The pair’s ambition eventually brought them into contact with Billy Davis and Gwen Gordy’s Anna Records, and later with Harvey Fuqua, Gwen’s husband. Johnny & Jackey recorded for Anna, and for Fuqua’s Tri-Phi label. No surprise, then, that Bristol should enlist Junior into this circle. His first 45 on Tri-Phi followed in early 1962. When Harvey sold his business to Berry Gordy in 1963, Walker became wedded to Motown.

      The resulting records were, of course, wonderful – gritty, rockin’ and (mostly) raw – and you know well the chronology and the commerce: “Shotgun,” “Shake And Fingerpop,” “(I’m A) Road Runner,” “How Sweet It Is (To Be Loved By You),” “What Does It Take (To Win Your Love)” and more, accumulating a total of thirteen Billboard Top 10 R&B hits between 1965 and 1972. Not to mention honours from the Grammy Hall of Fame and the Rhythm & Blues Foundation, plus that improbable pop-up solo in Foreigner’s “Urgent" in 1981.

Junior Walker and his All Stars: Vic Thomas, Willie Woods, James Graves

Junior Walker and his All Stars: Vic Thomas, Willie Woods, James Graves

      But, in retrospect, what intrigued me most about Walker was his nonchalance. Not for him Marvin Gaye’s anguish, or David Ruffin’s ego. He just seemed to want to make music and money, preferably on the road, paid in cash. It’s the Chuck Berry business model, if anything, without the underage girls.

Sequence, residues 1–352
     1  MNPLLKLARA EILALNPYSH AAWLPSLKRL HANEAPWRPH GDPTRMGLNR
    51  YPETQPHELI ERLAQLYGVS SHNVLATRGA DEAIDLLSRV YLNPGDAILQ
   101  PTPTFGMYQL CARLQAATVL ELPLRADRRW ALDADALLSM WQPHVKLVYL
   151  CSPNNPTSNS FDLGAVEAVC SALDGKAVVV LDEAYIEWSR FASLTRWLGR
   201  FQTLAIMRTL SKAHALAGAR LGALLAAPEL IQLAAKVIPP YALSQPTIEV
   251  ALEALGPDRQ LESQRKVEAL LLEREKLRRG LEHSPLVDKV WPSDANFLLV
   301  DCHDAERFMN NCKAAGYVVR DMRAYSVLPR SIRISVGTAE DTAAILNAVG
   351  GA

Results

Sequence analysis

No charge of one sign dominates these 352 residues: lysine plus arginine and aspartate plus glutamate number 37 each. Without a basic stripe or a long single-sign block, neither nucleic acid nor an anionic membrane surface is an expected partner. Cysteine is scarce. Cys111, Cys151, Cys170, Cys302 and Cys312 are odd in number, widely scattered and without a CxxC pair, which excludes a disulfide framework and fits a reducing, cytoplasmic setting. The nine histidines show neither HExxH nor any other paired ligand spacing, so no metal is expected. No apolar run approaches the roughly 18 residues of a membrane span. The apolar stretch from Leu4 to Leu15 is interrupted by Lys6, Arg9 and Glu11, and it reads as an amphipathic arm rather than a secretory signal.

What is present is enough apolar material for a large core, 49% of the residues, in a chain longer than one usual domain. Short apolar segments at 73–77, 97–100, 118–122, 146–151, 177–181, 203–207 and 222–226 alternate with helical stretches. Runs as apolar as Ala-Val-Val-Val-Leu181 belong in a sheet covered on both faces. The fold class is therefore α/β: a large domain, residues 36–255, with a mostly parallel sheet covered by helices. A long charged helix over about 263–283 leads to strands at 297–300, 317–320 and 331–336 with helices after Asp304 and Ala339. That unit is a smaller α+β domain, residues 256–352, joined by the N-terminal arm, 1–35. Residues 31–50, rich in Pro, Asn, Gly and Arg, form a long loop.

“He liked being in the studio, but the road always came first,” explained Lamont Dozier, who co-produced “(I’m A) Road Runner” and more. “He had about twelve kids, man, he needed the work. I guess he figured being in the recording studio was a gamble. He needed to be out there, picking up the money. It’s a sure thing, right? He could see it in his hand, [instead of] waiting six months for a royalty cheque.”

       Johnny Bristol agreed. “I had studio time set up for Junior, and [I was] sitting there, waiting, and he would call me from Indiana and say, ‘Look, I had to call you, man, ’cause this guy called me at the last minute, and I have to go make this money. I’ll be there tomorrow, can you set it up for tomorrow?’ ‘Yes, Junior, OK.’ ”

      This cash-call priority may even have resonated with Berry Gordy. Something evidently did, because the boss produced (or co-produced with Lawrence Horn) a notable number of Walker’s 1964-65 sessions. And he did so despite the increasing preoccupations and pressures of Motown business. Among Gordy's productions for Junior: “Shotgun,” “Monkey Jump,” “Satan’s Blues,” “Shake And Fingerpop” and “Shoot Your Shot.”